“Right now, I’m just thinking about ideas,” Johnson said. “It all depends on the ultimate approval for tax credits.”
Johnson will apply for federal and state tax credits available to developers who rehabilitate historic structures to certain preservation standards.
She plans to make the space flexible, so she can respond to whatever Salisbury needs at the time, Johnson said.
The building, family owned by Johnson and Hedrick Realty, last housed Earle’s Office Supplies and a dance and karate studio. Realtor John Casey will work to find tenants.
Johnson, whose office has been in the building for years, said the time had come for a renovation, led by Eberhard Denker.
“We did not have anybody interested in renting it, and the outside really needed it,” she said.
Other retail and restaurant updates:
• Cajun cuisine is coming to Salisbury.
Chef John Hudson and developer Bev Ryan will open a new restaurant called Gritz in the former Sweetest Thing bakery at 121 E. Innes St.
Hudson, who started his career at the Sheraton in Washington, D.C. and has cooked at the Country Club of Salisbury, the Downtowner and the Warrior Golf Club, plans a low-country menu for breakfast and lunch, possibly expanding to dinner.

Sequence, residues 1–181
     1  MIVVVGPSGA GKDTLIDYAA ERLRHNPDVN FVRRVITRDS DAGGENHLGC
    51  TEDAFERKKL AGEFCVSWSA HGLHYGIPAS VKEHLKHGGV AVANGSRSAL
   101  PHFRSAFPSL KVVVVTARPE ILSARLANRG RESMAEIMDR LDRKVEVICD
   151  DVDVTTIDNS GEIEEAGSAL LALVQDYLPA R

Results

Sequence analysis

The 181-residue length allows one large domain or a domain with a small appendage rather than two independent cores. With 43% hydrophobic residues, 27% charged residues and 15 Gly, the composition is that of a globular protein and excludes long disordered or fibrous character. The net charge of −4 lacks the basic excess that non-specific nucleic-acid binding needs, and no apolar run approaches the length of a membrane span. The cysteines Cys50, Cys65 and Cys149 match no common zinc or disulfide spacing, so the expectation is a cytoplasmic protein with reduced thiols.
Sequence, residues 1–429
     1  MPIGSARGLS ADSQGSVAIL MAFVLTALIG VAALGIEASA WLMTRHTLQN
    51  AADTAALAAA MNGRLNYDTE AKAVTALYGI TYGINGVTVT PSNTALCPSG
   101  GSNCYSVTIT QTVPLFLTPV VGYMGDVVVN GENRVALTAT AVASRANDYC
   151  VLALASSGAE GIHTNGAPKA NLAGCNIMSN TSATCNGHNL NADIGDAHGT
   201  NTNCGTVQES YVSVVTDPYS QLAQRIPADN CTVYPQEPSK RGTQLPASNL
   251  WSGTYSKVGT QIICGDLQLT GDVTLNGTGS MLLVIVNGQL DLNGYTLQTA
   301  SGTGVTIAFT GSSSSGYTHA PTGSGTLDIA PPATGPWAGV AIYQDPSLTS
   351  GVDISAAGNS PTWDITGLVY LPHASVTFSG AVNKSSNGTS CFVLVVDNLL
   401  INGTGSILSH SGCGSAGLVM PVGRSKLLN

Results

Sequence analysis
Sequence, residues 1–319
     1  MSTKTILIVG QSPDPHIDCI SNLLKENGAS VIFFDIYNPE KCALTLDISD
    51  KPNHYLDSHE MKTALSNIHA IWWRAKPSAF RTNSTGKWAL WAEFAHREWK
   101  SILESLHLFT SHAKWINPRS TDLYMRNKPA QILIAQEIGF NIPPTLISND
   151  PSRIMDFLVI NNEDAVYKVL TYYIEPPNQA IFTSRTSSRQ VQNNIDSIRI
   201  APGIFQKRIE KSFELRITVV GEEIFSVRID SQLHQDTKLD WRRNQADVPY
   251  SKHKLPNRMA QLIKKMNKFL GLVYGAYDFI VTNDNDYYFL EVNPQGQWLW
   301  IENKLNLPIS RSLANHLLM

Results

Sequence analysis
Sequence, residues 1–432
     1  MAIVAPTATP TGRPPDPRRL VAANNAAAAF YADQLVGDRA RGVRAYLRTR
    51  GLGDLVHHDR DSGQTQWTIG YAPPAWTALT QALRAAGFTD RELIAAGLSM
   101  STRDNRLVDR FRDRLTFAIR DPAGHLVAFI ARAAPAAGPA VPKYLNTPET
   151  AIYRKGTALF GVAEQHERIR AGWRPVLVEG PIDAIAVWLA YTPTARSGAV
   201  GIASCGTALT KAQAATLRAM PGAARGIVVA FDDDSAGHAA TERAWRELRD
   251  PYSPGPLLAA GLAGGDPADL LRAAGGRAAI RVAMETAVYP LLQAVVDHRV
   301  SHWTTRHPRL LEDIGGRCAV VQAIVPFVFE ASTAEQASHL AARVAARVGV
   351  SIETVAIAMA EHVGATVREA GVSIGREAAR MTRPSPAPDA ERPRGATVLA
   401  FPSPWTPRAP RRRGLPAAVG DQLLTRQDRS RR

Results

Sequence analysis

Owners haven’t set an opening date. Renovations are under way with a new hood installation.
• The Perfect Smoke opened Thursday in the 111-year-old Victorian cottage in downtown Salisbury at 213 S. Lee St., thanks to a $41,000 grant from the state.
Salisbury received a Main Street Solutions grant a year ago to help pay for the $124,000 rehabilitation of the house near the Norvell Theater. Owner Darren Moody is selling cigars and cigar-related accessories.
• Next door at 209 S. Lee St., restaurant owner Allen Terry is ready to start work on Emma’s of Salisbury, a new breakfast and lunch spot.
Salisbury landed another Main Street Solutions grant — this one for $70,000 — to put the new eatery in the old house near the strategic corner of South Lee and East Fisher streets.
Terry should have grant details complete within the next two weeks, so work will begin soon, Hemann said.
• Nana’s Nook opens Saturday in Wallace Commons, the shopping center anchored by Kohl’s on Klumac Road. The gift shop will host a grand opening Aug. 24.
Also at Wallace Commons, Los Arcos Mexican restaurant has opened and hosted large crowds last weekend.